Timber stocks have become must-have investments because of the growing demand for timber and because they have increased in value at a greater rate than inflation, giving the stocks minimal risk and significant upside potential. With this in mind let’s take a look at three of the top timber stocks that you should consider investing in today.
1. West Fraser Timber Co. Ltd.
West Fraser Timber Co. Ltd. (TSX:WFT) is one of the largest integrated wood products companies in North America. The company owns and operates 40 mills across Western Canada and the Southern United States, producing lumber, southern yellow pine, panels, pulp, newsprint, and wood chips.
At current levels West Fraser’s stock trades at just 13.3 times fiscal 2015’s estimated earnings per share of $4.85 and only 10.1 times fiscal 2016’s estimated earnings per share of $6.43, both of which are very inexpensive compared with the industry average price-to-earnings multiple of 23.2.
In addition, West Fraser pays a quarterly dividend of $0.07 per share, or $0.28 per share annually, giving its stock a 0.4% yield at current levels. A 0.4% yield is not high by any means, but the company achieved earnings per share and revenue growth over 20% in the first quarter of fiscal 2015, so I think it could increase its dividend in the very near future.
2. Stella-Jones Inc.
Stella-Jones Inc. (TSX:SJ) is one of the leading producers of pressure-treated wood products in North America. The company operates 28 wood treating plants, 10 pole peeling facilities, and a coal tar distillery, producing railway ties, timbers, utility poles, wood for the construction of bridges, and coal tar-based products, among other things.
At today’s levels Stella-Jones’ stock trades at just 21.1 times fiscal 2015’s estimated earnings per share of $1.95 and only 18.3 times fiscal 2016’s estimated earnings per share of $2.24, both of which are inexpensive compared with the industry average price-to-earnings multiple of 23.2.
Additionally, Stella-Jones pays a quarterly dividend of $0.08 per share, or $0.32 per share annually, which gives its stock a 0.8% yield at current levels. The company has also increased its dividend for two consecutive years, and its consistent free cash flow could allow this streak to continue for the next several years.
3. Acadian Timber Corp.
Acadian Timber Corp. (TSX:ADN) is the second-largest timberland operator in New Brunswick and Maine. The company owns and manages approximately 1.1 million acres of freehold timberlands in New Brunswick and Maine, and it provides management services to approximately 1.3 million acres of Crown-licensed timberlands.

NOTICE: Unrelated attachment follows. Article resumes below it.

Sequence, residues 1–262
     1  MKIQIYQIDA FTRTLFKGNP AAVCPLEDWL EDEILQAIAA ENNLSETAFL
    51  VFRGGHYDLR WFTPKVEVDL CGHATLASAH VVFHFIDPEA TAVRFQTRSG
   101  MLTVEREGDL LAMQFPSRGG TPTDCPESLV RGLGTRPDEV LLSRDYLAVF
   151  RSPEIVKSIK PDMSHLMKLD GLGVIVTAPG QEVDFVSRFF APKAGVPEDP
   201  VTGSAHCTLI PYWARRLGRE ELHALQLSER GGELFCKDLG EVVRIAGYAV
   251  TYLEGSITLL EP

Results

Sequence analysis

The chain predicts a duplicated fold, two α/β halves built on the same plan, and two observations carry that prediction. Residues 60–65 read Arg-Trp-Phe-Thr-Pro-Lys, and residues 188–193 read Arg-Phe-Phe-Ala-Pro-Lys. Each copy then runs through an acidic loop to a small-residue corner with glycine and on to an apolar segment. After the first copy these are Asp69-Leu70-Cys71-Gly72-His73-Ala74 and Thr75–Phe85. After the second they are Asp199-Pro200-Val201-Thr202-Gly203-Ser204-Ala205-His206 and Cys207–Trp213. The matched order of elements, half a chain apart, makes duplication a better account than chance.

At current levels Acadian’s stock trades at just 19.3 times fiscal 2015’s estimated earnings per share of $0.96 and only 17.8 times fiscal 2016’s estimated earnings per share of $1.04, both of which are inexpensive compared with the industry average price-to-earnings multiple of 23.2.
In addition, Acadian pays a quarterly dividend of $0.225 per share, or $0.90 per share annually, giving its stock a 4.85% yield at today’s levels. It is also worth noting that the company increased its dividend by 9% in February as a result of increased free cash flow, and I think this could become an ongoing theme over the next several years.
Which timber stock should you buy today?
West Fraser Timber, Stella-Jones, and Acadian Timber represent three of the market’s top investment opportunities in the wood products industry today. Foolish investors should take a closer look and strongly consider establishing long-term positions in one of them.
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This article represents the opinion of the writer, who may disagree with the “official” recommendation position of a Motley Fool premium service or advisor. We’re Motley! Questioning an investing thesis — even one of our own — helps us all think critically about investing and make decisions that help us become smarter, happier, and richer, so we sometimes publish articles that may not be in line with recommendations, rankings or other content.
Fool contributor Joseph Solitro has no position in any stocks mentioned.